Meta, the parent company of Facebook, has agreed to pay $725 million to settle a privacy lawsuit alleging that the social media giant allowed Cambridge Analytica to obtain millions of users’ personal information. Any individual who has had a Facebook account in the United States between May 24, 2007, and December 2022, is now eligible to apply for a portion of the settlement.
The amount of compensation each person will receive is uncertain and will depend on the number of valid claims submitted. If more claims are filed, the payout for each user will be smaller since the settlement money must be divided among all eligible individuals. Users can submit their claims by completing an online form or by mailing a printed form.
The origins of the lawsuit date back to 2018 when it was discovered that Cambridge Analytica, a firm linked to Steve Bannon, a political strategist for Donald Trump, had paid an app developer for access to the personal data of approximately 87 million Facebook users. This data was then used to target American voters during the 2016 election that ultimately led to Trump’s victory as the 45th president. The public outcry over the scandal resulted in Facebook’s CEO, Mark Zuckerberg, appearing before US lawmakers, which sparked a movement for people to delete their Facebook accounts.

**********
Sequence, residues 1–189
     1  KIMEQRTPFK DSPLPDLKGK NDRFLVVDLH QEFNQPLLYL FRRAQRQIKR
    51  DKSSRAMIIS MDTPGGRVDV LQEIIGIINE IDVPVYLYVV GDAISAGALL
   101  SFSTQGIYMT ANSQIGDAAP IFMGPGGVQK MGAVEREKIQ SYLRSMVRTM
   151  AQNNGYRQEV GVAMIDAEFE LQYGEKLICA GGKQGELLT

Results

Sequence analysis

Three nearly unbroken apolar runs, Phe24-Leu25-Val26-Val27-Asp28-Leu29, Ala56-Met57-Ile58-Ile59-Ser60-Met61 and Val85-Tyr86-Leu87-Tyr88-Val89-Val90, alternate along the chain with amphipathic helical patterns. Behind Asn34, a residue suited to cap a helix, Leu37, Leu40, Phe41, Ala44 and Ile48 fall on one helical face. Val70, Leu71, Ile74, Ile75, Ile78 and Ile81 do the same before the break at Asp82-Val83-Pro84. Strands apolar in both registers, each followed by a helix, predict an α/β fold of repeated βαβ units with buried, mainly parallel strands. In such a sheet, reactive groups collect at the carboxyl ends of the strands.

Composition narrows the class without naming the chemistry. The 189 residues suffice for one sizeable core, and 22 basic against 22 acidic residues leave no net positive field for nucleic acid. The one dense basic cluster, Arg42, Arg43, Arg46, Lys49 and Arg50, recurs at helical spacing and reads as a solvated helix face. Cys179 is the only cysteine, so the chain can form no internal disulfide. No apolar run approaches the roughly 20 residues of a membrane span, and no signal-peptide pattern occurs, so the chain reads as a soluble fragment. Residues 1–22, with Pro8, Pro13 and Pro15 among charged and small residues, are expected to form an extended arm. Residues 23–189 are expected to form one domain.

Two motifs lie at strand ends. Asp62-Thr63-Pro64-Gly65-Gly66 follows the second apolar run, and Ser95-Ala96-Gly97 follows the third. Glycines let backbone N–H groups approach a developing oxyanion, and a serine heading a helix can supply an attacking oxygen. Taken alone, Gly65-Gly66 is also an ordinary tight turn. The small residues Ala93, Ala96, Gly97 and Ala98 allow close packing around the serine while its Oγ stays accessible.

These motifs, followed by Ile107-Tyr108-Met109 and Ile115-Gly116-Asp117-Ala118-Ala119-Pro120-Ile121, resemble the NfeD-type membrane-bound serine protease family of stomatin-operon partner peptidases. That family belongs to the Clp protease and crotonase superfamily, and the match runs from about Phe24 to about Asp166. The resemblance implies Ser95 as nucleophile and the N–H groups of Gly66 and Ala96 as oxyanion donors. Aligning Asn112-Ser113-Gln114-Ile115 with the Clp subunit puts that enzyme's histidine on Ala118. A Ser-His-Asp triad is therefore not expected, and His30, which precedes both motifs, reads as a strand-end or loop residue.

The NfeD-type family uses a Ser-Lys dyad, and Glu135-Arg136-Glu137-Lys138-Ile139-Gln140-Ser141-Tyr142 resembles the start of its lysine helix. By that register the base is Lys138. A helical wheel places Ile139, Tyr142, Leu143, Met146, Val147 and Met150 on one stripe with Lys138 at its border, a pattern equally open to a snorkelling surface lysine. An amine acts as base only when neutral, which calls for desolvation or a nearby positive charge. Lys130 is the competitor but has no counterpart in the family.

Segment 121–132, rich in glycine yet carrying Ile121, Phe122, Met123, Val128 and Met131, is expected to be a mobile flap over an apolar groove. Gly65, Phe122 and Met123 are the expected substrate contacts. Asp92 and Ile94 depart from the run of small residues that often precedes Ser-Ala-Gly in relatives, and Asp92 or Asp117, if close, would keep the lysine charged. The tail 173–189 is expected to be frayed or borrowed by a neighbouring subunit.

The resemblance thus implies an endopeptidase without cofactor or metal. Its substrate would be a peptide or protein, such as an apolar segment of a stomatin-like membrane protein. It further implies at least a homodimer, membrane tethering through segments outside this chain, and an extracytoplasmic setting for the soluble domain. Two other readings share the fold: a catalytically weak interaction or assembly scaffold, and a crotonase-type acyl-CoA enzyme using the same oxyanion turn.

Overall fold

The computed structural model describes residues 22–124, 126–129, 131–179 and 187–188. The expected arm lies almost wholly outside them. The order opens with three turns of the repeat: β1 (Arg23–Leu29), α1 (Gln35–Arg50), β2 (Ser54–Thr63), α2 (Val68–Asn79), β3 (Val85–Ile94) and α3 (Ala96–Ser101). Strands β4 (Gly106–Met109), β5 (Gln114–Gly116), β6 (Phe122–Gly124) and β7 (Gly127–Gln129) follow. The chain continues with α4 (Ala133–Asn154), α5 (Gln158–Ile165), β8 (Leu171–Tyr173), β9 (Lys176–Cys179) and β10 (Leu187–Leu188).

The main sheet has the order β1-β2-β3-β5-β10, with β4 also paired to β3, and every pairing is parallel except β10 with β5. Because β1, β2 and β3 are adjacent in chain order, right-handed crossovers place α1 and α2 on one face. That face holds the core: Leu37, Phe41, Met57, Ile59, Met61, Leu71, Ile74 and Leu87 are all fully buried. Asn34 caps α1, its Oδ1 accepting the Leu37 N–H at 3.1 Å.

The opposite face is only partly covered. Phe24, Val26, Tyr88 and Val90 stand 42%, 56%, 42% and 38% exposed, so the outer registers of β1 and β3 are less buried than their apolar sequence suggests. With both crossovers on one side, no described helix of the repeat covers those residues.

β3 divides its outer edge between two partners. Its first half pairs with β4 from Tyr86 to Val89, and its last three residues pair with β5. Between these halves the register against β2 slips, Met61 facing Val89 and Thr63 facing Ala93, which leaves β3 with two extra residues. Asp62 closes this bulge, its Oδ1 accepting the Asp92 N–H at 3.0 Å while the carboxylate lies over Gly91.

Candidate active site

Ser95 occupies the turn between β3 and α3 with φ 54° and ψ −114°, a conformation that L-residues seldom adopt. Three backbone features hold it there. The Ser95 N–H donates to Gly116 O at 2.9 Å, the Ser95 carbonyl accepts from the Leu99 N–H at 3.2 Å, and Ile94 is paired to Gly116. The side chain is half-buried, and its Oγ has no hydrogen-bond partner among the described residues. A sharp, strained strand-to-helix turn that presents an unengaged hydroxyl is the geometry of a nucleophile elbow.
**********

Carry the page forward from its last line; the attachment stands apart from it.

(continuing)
In 2021, Facebook changed its name to Meta and subsequently resolved the class-action lawsuit the following year. However, Meta did not acknowledge any wrongdoing, stating that they pursued the settlement for the benefit of their community and shareholders. A Meta spokesperson declined to provide any further comment on the matter.
While Facebook’s growth has been stagnant in recent years due to the increasing popularity of competing platforms such as TikTok, it still has over 2 billion users worldwide, including an estimated 250 million in the United States.